Show Notes: Episode 085
Today on the First 40 Miles, if you’ve ever been involved in a wild international caper involving Caribbean terrorists, a stolen helicopter, and a roll of duct tape, you might be MacGyver. But if you’ve ever eaten a freeze dried meal with a titanium tent stake, you might be a backpacker. Then on today’s Top 5 List, we’ll help you with a simple numbers decision. For the SUMMIT Gear review, we’ll be reviewing a tent that is light—literally! On today’s Backpack Hack of the Week, we’re going to talk about something that is simply bulgar.
- “MacGyver Moments”
- Tent stakes and bowling alleys
- In order to have these MacGyver moments, it helps to have the right tools and the right mindset.
- What are the moments on the trail that force us to be rely on our creativity?
Top 5 Benefits of Buying a 2-Person Tent
A two person tent is the most common size
- Means that you can pick on up on your way out of town for under $60
- Certainly you can pay more, but if you’re new to backpacking, you can start with a cheap pup tent, take it out all summer, destroy it, then make a decision about what kind of tent features are important to you.
Lightweight per person
- REI Passage 2: 5 lb 6 oz (2 lbs 11 oz per person—that’s sub 3 pounds for a tent!)
- REI Passage 1: 4 lbs 3 oz (4 lbs 3 oz per person)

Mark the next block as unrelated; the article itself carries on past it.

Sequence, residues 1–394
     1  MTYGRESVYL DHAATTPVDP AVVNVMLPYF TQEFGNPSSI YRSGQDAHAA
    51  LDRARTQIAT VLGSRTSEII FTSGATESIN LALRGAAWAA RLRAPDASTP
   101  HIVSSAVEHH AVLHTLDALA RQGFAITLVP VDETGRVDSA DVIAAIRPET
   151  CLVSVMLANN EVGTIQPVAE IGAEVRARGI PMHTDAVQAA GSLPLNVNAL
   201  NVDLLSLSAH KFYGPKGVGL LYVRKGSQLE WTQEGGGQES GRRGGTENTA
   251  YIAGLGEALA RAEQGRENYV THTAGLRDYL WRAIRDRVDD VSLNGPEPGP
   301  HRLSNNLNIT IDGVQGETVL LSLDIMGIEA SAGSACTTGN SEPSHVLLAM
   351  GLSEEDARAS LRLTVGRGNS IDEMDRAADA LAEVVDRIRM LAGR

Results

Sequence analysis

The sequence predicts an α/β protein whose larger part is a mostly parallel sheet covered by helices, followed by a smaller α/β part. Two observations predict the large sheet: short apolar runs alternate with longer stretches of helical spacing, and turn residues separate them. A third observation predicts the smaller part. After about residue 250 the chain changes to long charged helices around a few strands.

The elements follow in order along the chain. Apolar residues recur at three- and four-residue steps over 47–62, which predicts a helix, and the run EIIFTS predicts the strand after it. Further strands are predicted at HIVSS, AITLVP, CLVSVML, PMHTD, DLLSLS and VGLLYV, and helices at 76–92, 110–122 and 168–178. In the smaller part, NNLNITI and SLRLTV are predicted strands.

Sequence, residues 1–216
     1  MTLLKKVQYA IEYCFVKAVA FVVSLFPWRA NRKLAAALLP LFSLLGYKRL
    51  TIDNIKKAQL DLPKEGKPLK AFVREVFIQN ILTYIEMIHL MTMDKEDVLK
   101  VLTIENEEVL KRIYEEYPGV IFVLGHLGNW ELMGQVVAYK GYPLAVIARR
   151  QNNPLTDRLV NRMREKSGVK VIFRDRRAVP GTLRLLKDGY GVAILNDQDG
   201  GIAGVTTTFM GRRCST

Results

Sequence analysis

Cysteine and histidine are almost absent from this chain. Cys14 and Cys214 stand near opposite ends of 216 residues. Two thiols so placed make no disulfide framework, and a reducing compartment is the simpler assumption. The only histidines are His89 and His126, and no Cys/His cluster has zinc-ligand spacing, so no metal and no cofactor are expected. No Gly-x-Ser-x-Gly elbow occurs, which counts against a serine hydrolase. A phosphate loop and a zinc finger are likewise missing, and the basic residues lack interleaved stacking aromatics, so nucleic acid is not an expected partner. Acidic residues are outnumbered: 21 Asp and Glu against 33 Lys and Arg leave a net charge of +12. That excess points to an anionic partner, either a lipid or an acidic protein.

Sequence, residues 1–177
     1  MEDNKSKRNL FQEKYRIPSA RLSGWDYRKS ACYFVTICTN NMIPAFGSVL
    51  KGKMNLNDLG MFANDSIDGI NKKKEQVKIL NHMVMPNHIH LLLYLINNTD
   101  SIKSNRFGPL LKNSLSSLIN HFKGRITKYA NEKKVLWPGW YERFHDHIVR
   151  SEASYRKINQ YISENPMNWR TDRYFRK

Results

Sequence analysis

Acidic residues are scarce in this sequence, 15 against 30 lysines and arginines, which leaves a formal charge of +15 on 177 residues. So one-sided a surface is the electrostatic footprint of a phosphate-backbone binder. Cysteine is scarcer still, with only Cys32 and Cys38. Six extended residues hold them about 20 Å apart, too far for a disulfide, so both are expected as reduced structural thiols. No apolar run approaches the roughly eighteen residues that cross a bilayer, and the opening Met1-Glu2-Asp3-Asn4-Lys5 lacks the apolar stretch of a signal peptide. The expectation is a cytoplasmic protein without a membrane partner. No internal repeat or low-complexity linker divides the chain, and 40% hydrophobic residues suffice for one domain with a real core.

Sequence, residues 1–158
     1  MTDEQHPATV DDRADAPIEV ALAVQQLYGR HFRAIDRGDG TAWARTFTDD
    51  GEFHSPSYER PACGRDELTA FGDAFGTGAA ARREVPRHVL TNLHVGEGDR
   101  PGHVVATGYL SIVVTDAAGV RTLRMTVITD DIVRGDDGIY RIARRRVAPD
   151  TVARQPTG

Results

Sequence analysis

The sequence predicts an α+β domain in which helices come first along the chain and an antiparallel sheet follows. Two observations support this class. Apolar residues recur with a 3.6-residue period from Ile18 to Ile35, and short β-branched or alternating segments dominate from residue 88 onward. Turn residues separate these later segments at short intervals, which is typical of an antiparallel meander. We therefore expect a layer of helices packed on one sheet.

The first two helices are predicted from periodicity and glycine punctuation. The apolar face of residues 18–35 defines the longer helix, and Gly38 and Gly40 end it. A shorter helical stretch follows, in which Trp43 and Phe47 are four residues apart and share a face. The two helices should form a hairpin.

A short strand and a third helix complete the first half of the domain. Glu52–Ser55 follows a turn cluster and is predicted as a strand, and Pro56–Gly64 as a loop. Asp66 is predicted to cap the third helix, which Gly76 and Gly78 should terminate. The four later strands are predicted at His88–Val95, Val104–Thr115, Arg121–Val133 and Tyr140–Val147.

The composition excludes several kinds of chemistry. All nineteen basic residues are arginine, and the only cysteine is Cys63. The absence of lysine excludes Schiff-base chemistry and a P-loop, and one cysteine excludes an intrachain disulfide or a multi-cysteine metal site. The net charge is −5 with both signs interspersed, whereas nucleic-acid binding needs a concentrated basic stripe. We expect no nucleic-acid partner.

- Larger is harder to divide up weight evenly
- With our two person tent, one of us takes the rain fly and poles, the other takes the tent and stakes.
It gives you space to decide
- If you just have a 1 person tent, then that rules out a spouse, family member or no-snoring hiking buddy to join you
- If you have a two person tent, it opens up the options. It also means that if you’re out with your buddies and someone has a gear failure, you can offer half of your tent
A three+ man tent is too big
- A two man is easy to find a tent site for. Any bigger than that, and someone is going to be sleeping on roots or a slope
If you like to backpack alone, a two person means gear space and room to spread out
- You can still get a crazy light 2 person tent—and not sacrifice too much weight.
- Big Agnes Fly Creek 2 Platinum 1 lb 13 oz $549.95
SUMMIT Gear Review™: Big Agnes Copper Spur UL2 mtnGLO
- Two doors and two vestibules—and vestibules are covered areas outside of your tent, great for storing gear, setting your shoes
- Vestibules are also great if you just want to expand the footprint of your living space and reduce that cramped feeling that you can sometimes feel when in a tent.
- Tent body is breathable nylon and polyester mesh
- Comes with 8 Superlight aluminum J stakes
- Foot area of the Copper Spur mtnGLO narrows, which means a little less interior space for your extra gear. It also means that this tent isn’t reversible.
- Tent walls are more vertical—which gives you that spacious feel, even though you’re in a tent.
- Guylines are a mix of reflective and bright orange
- This tent has four interior mesh pockets and two internal media pockets